|Day 17; Monday, June 14th, 1999
Start: Dease Lake, British Columbia, Tanzilla Campground
End: Orange Valley Area, British Columbia
In fact, the weather has been nearly perfect the entire trip! Has rained only once hard enough or long enough (all day, in Idaho), to put a rainsuit on over the 'Stich, and three brief wet periods here in the north.
About 60 miles later, I gas up and eat breakfast at Tattoga Lake Resort. After ordering breakfast, I send some postcards home while I wait for my food. It's becoming a habit, it makes me feel connected somehow to the people back home, and keeps me from being lonely if I'm somewhere that the people aren't so awake or talkative.
After breakfast, I motor south on the Cassiar, it's very pleasant. The scenery continues as a mix of thick forests, lakes, and snow capped mountains. Periodically, there will be signs on the trees in the forest, telling how this area was logged out in 1980, or that area was burned by a forest fire in 1992, etc. Very neat to see how quickly the forests heal, although in all fairness when they're logged they're often replanted, so the healing should be quick in that case.
Now and again, I cross over one of the wooden bridges and see whitewater rapids, very enticing to me - I end up wishing for my whitewater kayak as a run down some of these rivers would be an incredibly good time with the right group of friends.
I come to a long gravel section, down some long steep grades to the Stikine River. Wow! The Stikine River! At the bridge, the current is slow; but there's a long, extremely difficult whitewater canyon on the Stikine River, National Geographic did a TV special about a kayak expedition down the Stikine back in the mid-80's; if I remember correctly they ended up using a helicopter to scout the rapids they were going to run each day. Must be nice to have that kind of backup on a river trip, I can only imagine it! I've also read about extremely skilled kayakers, the best of the best, running it self contained, their boats stuffed with dehydrated food and camping gear. I think that section must be just downstream of the highway bridge, as there's a canoe take-out next to the bridge and a huge sign telling boaters not to continue downstream, with some strong language regarding big rapids and such. I'm in awe just crossing on the bridge, knowing what's below, somewhere around the bend.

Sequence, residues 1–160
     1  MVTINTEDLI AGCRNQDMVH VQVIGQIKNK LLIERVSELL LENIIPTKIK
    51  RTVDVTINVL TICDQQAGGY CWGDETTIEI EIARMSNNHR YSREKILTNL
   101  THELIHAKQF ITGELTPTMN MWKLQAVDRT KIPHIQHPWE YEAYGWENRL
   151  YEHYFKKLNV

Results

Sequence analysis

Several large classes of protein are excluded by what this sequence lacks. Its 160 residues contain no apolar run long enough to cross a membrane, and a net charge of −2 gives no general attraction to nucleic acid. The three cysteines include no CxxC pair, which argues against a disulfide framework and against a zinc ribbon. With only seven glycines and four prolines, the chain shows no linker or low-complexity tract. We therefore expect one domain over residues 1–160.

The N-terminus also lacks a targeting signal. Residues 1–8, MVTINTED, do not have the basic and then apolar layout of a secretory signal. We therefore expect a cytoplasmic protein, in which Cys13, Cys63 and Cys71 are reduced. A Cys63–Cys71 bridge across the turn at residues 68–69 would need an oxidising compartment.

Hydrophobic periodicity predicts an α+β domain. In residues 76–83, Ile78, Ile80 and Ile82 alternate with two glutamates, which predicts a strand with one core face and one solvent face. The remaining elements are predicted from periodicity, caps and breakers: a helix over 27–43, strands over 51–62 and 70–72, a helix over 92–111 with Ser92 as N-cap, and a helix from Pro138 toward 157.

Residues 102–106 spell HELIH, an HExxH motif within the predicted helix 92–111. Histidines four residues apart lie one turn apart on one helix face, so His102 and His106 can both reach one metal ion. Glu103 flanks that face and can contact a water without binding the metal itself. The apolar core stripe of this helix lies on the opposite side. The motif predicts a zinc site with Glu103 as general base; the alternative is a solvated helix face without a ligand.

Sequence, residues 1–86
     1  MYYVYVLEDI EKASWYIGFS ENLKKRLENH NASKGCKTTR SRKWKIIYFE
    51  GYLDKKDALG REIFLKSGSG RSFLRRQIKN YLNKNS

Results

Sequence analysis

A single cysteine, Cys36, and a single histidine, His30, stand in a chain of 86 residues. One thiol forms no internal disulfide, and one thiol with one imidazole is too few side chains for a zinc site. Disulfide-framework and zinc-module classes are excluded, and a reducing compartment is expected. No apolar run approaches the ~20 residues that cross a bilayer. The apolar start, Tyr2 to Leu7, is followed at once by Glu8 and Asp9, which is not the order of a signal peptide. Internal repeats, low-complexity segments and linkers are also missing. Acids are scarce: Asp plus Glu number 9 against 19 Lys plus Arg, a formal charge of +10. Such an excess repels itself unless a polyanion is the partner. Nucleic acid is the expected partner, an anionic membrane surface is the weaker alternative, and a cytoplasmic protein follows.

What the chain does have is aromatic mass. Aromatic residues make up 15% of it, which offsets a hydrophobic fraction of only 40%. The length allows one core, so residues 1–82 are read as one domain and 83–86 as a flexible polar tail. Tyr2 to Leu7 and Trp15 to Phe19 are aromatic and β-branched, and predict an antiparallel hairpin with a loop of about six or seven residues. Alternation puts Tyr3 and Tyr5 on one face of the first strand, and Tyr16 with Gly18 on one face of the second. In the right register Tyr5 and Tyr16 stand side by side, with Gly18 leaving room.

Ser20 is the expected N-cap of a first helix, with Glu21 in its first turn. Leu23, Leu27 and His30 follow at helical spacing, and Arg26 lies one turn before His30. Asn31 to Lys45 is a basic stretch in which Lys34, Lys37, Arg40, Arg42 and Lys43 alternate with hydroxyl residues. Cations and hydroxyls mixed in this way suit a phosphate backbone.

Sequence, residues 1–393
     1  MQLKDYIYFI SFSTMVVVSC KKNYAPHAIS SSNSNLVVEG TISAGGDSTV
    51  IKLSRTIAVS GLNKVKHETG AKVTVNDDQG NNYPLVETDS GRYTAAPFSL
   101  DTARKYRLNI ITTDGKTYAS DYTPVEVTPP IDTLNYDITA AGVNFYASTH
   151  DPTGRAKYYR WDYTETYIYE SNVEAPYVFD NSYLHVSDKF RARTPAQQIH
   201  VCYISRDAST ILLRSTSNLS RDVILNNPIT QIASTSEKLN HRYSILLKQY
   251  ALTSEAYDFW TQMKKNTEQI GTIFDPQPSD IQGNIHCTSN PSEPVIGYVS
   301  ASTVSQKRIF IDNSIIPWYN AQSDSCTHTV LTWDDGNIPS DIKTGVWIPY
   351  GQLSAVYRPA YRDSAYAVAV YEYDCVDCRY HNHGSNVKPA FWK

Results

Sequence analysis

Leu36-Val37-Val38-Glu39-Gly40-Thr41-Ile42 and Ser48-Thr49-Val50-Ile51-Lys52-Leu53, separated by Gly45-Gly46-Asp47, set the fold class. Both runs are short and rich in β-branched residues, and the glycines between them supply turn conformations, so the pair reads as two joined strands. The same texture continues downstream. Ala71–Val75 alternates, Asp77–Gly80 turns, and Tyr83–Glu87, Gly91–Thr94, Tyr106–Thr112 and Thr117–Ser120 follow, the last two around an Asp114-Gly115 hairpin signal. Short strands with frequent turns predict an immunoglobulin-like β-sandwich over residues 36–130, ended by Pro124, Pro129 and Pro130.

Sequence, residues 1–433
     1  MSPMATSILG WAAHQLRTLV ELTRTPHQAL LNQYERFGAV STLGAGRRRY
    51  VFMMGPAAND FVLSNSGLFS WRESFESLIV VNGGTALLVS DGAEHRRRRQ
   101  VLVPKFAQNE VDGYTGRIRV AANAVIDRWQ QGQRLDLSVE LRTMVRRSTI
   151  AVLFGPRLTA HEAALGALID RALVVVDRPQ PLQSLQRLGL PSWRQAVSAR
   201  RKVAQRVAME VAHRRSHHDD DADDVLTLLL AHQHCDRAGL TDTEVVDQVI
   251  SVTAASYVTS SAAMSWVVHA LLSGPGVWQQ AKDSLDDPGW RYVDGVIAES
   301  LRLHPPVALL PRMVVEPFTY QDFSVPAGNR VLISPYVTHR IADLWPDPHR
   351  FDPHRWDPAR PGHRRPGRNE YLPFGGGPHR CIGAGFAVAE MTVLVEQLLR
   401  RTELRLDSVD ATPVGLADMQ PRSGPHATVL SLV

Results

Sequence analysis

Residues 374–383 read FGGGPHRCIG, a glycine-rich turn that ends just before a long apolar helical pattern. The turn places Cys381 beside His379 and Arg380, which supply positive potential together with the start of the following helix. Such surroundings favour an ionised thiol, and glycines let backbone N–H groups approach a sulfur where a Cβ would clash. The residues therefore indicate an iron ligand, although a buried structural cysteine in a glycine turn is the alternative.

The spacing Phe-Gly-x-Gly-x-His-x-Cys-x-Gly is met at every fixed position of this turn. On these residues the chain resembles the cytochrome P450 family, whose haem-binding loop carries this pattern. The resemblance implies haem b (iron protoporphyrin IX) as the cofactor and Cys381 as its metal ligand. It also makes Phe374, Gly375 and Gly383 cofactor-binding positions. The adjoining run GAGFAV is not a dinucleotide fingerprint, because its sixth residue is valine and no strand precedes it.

I continue up out of the river valley, in gravel; basically there's about 10-20 miles of gravel on either side of the Stikine River crossing. But it's dry, so the dirt and gravel are no big deal, just requires a bit of care is all.
Then it's pavement again, and a bit after that I enter a construction zone.
At one point in the construction zone, the dirt / gravel mix is wet (from watering trucks) and a touch slick, and the road is going up a mild grade. An oncoming RV stops, and thinking good thoughts about it's driver (What a guy, he's giving me the road because he somehow knows my loaded BMW is a handful in the wet dirt and gravel...!!), I start up the hill. All's well, aren't people great, just glowing with good feelings about my fellow man and the wonderful weather and scenery, when I look to my left and slightly forward and there's a black bear cub, maybe 15' away, and another 5'-10' away is mom, and they're both looking curiously at me.... Holy crap!! That's the reason the RV stopped! I stop, the bears and I look each other over too damn closely, and then with the clutch pulled in I let gravity help the bike backwards down the grade. The bears go back to looking for whatever they're looking for in the roadside grass, the RV driver goes back to watching them, and I sit patiently.
Big lesson here: if an RV stops for no apparent reason, assume there actually is a reason, and be cautious...
Eventually the RV driver has seen enough, as he comes down slowly past the bears I go up, using his vehicle as a shield. Whew!
It might be appropriate here to repeat what we were told aboard the ship about bears, particularly regarding black bears vs. grizzly bears, by the USFS ranger. The ranger who gave the talk said that grizzlies can kill you, but that they have nothing to prove, you're not a threat to them, and if you provide no resistance, there's a good chance they'll get bored and go away. But the black bear is completely the opposite, they're only a little bit larger than a human, and so they're a bit insecure. If you're confronted by a black bear, grab a club, a bar, a rock, whatever is handy and fight like hell! If you give much resistance, the black bear will realize that you're not worth the trouble and go away - in theory. Fortunately, I don't have to test that theory.